Although it might sound strange, silent retreats offer a wonderful opportunity to connect with others in a new and profound way. Surrounded by fellow meditators, a retreat offers a supportive and nurturing environment in which to practice -- there is always someone there supporting you with their presence. And moments where you catch someone’s eye or receive an encouraging or understanding smile become really special. “Practicing mindfulness alone day after day can be a little dispiriting at times, so a retreat is a welcome chance to be with others and draw benefits from their participation and proximity,” says James.

    For most of us, sitting in collective stillness for days at a time will be a new experience - but through it we may find that we discover new ways of being with others and a rich sense of connection that nourishes and enriches our practice.

     

    Training our mindfulness muscle of attention

    On retreat, we spend a large amount of our time in formal meditation, and the rest of our waking time in informal practice. This means we are exercising our muscle of attention much more than we would usually do. This presents a wonderful opportunity for us to have deep insights, and this turning inwards to connect with ourselves and our inner wisdom can bring new perspectives that leave us feeling refreshed and renewed. Most retreat attendees notice a significant difference in their ability to meet everyday challenges with more ease when returning back home.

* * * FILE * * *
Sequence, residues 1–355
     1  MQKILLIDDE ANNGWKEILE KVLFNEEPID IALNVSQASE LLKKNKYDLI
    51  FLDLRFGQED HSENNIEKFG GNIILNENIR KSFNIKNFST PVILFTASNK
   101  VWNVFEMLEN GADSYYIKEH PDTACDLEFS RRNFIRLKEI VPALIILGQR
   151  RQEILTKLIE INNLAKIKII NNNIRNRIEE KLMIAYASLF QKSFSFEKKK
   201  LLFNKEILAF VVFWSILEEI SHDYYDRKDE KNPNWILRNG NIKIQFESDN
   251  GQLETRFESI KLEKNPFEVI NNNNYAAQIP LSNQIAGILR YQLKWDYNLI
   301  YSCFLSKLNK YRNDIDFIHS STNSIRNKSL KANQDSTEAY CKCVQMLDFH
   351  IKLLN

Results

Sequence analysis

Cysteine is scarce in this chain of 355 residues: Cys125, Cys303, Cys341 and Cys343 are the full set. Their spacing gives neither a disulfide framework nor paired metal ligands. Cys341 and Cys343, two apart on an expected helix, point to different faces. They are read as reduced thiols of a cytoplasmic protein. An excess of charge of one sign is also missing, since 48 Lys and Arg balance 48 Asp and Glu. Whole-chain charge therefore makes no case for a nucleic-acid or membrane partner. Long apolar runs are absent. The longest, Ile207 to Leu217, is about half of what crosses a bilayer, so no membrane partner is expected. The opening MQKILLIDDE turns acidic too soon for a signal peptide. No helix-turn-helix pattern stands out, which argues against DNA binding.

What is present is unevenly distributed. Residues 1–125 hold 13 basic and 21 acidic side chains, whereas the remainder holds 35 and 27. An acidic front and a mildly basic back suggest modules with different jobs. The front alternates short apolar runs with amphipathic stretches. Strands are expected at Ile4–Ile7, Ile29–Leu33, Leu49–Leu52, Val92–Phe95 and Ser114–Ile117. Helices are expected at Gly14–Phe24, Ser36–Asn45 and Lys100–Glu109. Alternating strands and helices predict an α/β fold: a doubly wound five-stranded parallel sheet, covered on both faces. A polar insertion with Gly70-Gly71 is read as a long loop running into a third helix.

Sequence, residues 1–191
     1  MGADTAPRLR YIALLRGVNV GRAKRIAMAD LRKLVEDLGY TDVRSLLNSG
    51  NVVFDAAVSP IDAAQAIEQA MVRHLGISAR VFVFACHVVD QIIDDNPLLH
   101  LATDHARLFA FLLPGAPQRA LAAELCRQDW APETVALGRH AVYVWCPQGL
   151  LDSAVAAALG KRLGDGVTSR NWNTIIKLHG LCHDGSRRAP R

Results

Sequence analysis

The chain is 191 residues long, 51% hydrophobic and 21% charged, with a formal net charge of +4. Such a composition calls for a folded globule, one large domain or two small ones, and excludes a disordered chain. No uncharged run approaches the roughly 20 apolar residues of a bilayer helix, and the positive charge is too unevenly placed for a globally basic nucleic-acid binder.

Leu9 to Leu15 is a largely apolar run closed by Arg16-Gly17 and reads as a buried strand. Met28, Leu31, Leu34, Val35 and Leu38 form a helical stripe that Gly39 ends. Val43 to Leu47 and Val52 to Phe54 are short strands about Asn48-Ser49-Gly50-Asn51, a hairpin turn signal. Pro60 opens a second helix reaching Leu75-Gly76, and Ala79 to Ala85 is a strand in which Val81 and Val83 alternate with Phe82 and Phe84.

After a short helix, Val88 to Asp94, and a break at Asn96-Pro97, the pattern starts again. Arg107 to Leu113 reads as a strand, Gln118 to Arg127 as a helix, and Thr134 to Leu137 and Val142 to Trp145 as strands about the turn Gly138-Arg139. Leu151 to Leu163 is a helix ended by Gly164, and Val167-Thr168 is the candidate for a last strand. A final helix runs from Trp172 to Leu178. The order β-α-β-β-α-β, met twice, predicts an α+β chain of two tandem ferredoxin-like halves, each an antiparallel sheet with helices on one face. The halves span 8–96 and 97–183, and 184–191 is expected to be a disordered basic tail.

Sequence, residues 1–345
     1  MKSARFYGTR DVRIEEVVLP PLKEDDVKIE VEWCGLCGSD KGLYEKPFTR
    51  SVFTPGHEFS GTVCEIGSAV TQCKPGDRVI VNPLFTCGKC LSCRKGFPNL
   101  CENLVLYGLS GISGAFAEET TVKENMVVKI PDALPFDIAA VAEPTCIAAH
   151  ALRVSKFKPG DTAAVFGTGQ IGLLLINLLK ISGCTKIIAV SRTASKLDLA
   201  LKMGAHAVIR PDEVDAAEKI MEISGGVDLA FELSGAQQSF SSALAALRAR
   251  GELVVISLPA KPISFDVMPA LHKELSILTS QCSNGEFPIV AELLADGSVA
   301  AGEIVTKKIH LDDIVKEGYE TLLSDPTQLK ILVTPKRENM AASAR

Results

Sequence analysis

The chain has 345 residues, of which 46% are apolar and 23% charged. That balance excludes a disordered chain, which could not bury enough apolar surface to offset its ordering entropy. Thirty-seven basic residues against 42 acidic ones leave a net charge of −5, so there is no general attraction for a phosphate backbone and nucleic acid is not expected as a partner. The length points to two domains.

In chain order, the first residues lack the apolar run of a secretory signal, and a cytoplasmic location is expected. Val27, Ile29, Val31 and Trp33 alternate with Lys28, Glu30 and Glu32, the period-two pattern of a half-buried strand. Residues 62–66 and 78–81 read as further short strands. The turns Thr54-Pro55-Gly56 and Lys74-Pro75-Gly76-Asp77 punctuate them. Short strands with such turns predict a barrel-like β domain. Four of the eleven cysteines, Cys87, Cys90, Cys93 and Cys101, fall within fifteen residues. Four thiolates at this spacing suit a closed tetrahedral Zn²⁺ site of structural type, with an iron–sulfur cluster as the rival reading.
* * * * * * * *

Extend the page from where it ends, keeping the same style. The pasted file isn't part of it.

For those new to meditation or a silent meditation retreat, the idea might seem quite daunting and scary, or even just really unappealing. But by placing ourselves in this unique environment, we can truly spend time with ourselves, have space for reflection and practice living in the present moment. And just because it’s silent, it doesn’t mean that you can’t talk to one of the teachers or support staff if you need to, and there is often dedicated time for discussion with the teacher in groups during the retreat.

    In other words, the silence isn’t there as a test of stamina, but rather as a way to observe your habitual patterns and thoughts. It is only through this awareness that we gain a platform to change and grow.

     

    All 8-Week MBSR, MBCT and Self-compassion courses include a full-day retreat day. For those that have completed a course, we also run regualr retreat days to reconnect with our practice. 

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    • TMP Admin

      We're glad you enjoyed - thanks for your comment :-)

      Reply
    • Marita Managadze
      Marita Managadze 5 September, 2016 at 6:28 am